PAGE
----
World energy consumption will increase by 48% over the next three decades, with natural gas remaining a dominant source of that energy, but renewables will be the fastest-growing, the Energy Information Administration (EIA) said Wednesday.

"Developing Asia accounts for more than half of the projected increase in global energy use through 2040," said EIA Administrator Adam Sieminski. "This increase will have a profound effect on the development of world energy markets."

Global energy use is projected to increase an average 1.4% per year, from 549 quadrillion Btu in 2010 to 815 quadrillion Btu in 2040, according to EIA's International Energy Outlook 2016 (IEO). The increase mainly occurs in the developing world, driven by long-term growth in economies and populations.

The projection is 5 quadrillion Btu higher than EIA had forecast in its previous IEO, which was released three years ago, when the agency forecast world energy consumption would reach 820 quadrillion Btu in 2040 (see Daily GPIJuly 26, 2013). The difference is due to a variety of  things, including tumbling oil and gas prices and more detailed modeling used in the reference case, Sieminski said.

Perhaps counter-intuitively, EIA expects the world's population to grow somewhat slower than the forecast energy growth. But industrial energy consumption will push total energy consumption higher, Sieminski said.

"Industrial consumption is continuing to go up, and industry uses a lot of energy of all kinds," he said. "It still accounts for over half -- 53-54% -- of total energy consumption. As economies and populations grow, people want manufactured goods, and so industrial use rises."

The IEO reference case projects renewables as the world's fastest-growing energy source, increasing by an average 2.6% per year through 2040, but fossil fuels still supply more than three-quarters of world energy use. Although petroleum and other liquids remain the largest source of energy, the liquid fuels share of world marketed energy consumption is projected to fall from 33% in 2012 to 30% in 2040.

Natural gas is the fastest-growing fossil fuel in the outlook. Global natural gas consumption is expected to grow by an average 1.9% per year.

"Abundant natural gas resources and robust production -- including rising supplies of tight gas, shale gas, and coalbed methane -- contribute to the strong competitive position of natural gas," EIA said.

Coal, on the other hand, will be the world's slowest-growing energy source, rising by 0.6% per year through 2040. And by 2030, natural gas is expected to surpass coal to become the world’s second-largest energy source after liquid fuels. The top three coal-consuming countries -- China, the United States, and India -- together account for more than 70% of the world's coal use in the reference case.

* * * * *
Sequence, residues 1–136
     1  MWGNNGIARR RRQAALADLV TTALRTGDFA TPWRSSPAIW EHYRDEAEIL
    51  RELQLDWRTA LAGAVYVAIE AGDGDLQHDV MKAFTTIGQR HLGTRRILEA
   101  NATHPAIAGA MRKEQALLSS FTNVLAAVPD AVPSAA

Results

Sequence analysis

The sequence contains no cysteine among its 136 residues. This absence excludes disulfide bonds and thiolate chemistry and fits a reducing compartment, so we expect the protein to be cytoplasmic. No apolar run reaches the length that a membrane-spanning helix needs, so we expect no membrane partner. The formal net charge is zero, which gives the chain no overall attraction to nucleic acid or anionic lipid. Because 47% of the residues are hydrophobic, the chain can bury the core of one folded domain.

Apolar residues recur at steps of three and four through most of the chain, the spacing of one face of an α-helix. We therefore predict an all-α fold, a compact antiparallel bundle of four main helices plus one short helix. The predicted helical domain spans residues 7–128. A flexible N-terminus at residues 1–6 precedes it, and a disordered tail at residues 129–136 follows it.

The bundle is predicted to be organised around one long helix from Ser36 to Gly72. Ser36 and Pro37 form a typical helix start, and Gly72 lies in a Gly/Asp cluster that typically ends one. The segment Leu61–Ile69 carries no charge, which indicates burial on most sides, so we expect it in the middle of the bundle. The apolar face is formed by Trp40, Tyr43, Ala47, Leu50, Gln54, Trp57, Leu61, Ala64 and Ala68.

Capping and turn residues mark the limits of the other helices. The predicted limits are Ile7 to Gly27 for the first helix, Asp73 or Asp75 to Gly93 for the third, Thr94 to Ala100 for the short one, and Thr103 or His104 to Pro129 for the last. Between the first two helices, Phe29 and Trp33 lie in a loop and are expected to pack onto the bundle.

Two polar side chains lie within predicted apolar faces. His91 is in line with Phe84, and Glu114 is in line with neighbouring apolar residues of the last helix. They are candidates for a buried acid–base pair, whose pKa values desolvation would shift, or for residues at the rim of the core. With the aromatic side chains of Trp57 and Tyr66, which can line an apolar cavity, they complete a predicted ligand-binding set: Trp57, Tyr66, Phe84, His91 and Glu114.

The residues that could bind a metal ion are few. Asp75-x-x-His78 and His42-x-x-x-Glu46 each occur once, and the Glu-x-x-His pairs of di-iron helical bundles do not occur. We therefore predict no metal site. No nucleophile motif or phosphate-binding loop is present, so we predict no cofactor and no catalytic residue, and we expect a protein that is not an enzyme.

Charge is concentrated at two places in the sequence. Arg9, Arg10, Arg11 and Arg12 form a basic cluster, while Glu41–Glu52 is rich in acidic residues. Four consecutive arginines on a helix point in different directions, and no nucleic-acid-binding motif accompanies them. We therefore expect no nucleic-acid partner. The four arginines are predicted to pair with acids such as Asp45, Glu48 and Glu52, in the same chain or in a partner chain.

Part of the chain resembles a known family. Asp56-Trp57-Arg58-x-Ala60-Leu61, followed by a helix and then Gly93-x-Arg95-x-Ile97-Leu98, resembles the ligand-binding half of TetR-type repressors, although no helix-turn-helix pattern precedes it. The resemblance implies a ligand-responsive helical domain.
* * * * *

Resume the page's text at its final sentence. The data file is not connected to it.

By 2040, EIA expects coal, natural gas and renewable energy sources will provide roughly equal shares (28-29%) of world electricity generation. That's a significant change from 2012, when coal provided 40% of all power generation. Hydropower and wind are expected to be the two largest contributors to the increase in world electricity generation from renewable energy sources, together accounting for two-thirds of the total increase by 2040.

Worldwide electricity generation from nuclear power is expected to increase from 2.3 trillion kWh in 2012 to 4.5 trillion kWh in 2040, as concerns about energy security and greenhouse gas emissions support the development of additional nuclear generating capacity. Virtually all of the projected net expansion in the world's installed nuclear capacity occurs in the developing world, led by China’s addition of 139 GW of nuclear capacity from 2012 to 2040.

Countries that are not part of the Organisation for Economic Co-operation and Development (OECD) “will account for a significant portion -- three-quarters -- of the growth in natural gas consumption," Sieminski said. "A lot of this has to do with the transition away from coal, and electricity generation. This will happen in many places around the world, and it will reduce carbon dioxide emissions by a significant amount."

Increasing natural gas production is likely to come out of China, non-OECD Asia, Iran, Saudi Arabia, Russia and shale plays in the United States.

"The big player is and will continue to be the United States in terms of production of shale gas, tight gas [and] coalbed methane," he said.

And the United States is expected to become a net exporter of natural gas late this year or early in 2017, Sieminski said.

"It will be through a combination of LNG [liquefied natural gas] and pipeline gas exports to Mexico that the U.S. becomes a net exporter of gas. That was something that most people would have thought impossible just 10 years ago."

The industrial sector continues to account for the largest share of delivered energy consumption in the reference case, using more than half of global delivered energy in 2040. And worldwide energy-related carbon dioxide emissions rise from 32 billion metric tons in 2012 to 36 billion metric tons in 2020, and then to 43 billion metric tons in 2040, a 34% increase from 2012 to 2040.

Release of the IEO is a prelude to EIA's Annual Energy Outlook (AEO), a yearly analysis of the U.S. energy markets and outlook. The next iteration of the AEO is due in June.